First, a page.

By NEMS Daily Journal
Lee County’s Board of Supervisors matter-of-factly met their constituents Monday morning in a hearing on the proposed redistricting lines for the five supervisory districts and the four constable and justice court judge districts, setting May 2 to meet and begin the process of adopting the proposed new lines.
Just 23 people attended the well-publicized hearing, including the board members, Chancery Clerk Bill Benson, and board attorney Gary Carnathan.
Consultant Chris Watson had maps of current and proposed new districts and charts showing the populations of the districts, the 2010 Census count, racial breakdowns of populations, and the demographics of proposed new districts.
Supervisors, who had previously seen the redrawn districts and the numbers, offered no comments and asked only one question, for clarification.
The hearing stood in stark contrast to the rancor seen in redrawing legislative districts, an issue thrown into the federal courts when the Legislature could not agree on the same plans for the House and the Senate.
The new, proposed districts drawn by the consulting firm Bridge & Watson, Inc. of Oxford, reflect changes in territory and population to bring total population, racial demographics, and physical characteristics into compliance with state and federal constitutional requirements.
In general, stronger growth in northern Lee County than in the southern part of the county drove the geographic realignment.
The district’s lone minority-majority district, District 4, would increase to 63.8 percent minority population from 61.7 percent, and a minority voting age population of 60.1 percent from 58.3 percent.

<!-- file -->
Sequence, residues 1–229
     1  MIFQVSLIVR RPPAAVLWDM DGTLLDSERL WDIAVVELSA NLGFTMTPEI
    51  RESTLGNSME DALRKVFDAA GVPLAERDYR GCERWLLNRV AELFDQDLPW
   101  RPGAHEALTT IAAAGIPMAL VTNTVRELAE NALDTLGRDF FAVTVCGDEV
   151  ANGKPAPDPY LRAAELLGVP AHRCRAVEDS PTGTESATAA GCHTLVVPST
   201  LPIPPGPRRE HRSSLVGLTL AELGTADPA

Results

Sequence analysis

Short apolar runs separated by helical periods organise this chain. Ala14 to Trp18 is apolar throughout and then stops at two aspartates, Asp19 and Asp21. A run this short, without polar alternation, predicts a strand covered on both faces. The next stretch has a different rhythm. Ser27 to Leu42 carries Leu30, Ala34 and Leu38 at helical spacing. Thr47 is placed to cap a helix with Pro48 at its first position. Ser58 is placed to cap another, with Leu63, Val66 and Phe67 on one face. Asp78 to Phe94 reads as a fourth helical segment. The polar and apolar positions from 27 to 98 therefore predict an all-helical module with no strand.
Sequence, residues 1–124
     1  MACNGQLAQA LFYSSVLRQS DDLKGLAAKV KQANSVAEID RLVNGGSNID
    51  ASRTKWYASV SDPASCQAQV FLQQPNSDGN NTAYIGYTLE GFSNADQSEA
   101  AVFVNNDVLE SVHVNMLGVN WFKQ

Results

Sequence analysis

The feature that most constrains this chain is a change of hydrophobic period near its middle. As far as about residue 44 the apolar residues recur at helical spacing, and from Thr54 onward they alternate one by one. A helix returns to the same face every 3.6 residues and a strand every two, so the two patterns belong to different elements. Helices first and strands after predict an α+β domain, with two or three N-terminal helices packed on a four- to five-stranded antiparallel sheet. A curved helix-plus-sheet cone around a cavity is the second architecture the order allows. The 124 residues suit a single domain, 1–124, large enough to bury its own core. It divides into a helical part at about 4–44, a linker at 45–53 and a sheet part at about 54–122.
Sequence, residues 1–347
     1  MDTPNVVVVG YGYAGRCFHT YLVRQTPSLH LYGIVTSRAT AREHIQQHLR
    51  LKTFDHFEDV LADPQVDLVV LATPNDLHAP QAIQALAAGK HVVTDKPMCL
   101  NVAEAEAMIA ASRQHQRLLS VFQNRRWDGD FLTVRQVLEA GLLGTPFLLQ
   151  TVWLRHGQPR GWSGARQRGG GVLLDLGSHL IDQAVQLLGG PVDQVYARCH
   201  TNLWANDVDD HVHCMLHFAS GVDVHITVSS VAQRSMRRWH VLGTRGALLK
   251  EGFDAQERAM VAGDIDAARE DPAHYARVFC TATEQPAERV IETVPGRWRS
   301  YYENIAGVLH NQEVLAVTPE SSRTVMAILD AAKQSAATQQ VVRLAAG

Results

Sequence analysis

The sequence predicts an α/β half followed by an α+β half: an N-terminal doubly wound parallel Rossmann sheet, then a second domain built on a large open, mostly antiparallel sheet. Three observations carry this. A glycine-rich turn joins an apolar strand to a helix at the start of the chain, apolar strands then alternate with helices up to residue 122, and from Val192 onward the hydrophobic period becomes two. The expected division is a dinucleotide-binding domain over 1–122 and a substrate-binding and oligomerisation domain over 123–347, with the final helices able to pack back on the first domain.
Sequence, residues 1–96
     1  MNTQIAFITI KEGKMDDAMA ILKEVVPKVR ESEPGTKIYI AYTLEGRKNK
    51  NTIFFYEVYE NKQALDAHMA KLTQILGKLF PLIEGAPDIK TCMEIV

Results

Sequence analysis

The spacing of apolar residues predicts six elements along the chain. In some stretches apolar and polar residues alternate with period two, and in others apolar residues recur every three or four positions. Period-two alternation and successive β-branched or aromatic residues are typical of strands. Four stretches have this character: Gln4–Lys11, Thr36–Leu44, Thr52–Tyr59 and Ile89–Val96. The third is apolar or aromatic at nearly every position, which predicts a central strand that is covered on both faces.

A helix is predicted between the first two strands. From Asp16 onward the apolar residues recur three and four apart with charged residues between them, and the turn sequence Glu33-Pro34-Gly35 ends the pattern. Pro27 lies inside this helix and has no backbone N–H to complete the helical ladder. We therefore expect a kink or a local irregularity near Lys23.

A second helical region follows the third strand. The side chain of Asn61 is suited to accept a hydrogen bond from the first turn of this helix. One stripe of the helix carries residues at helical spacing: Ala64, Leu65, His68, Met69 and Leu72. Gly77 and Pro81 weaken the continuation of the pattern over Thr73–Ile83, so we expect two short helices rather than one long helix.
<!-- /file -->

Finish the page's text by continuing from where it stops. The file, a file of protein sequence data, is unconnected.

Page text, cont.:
The minority population would drop by a small percentage in three other districts (2, 3 and 5), and increase slightly in District 1.
Census data, from which the new district lines were drawn, shows Lee County is 69.3 percent white, 27.3 percent black, and 3.4 percent other minorities.
District 4 Supervisor Tommie Lee Ivy, who is African-American, said he is pleased with the alignment.
The board’s acceptance of the plan, and required U.S. Department of Justice approval, would make Lee County’s compliance with the law a smooth and controversy-free transition, a reaffirming contrast to legislative arguments.
The proposed remap slices county voters in the city of Tupelo into oddly shaped arms of all five districts, but absent disqualifying issues raised in objections to the plan (none were voiced at the meeting except for one person who questioned the way District 5 would be reshaped beyond Tupelo’s city limits), it probbaly will be approved .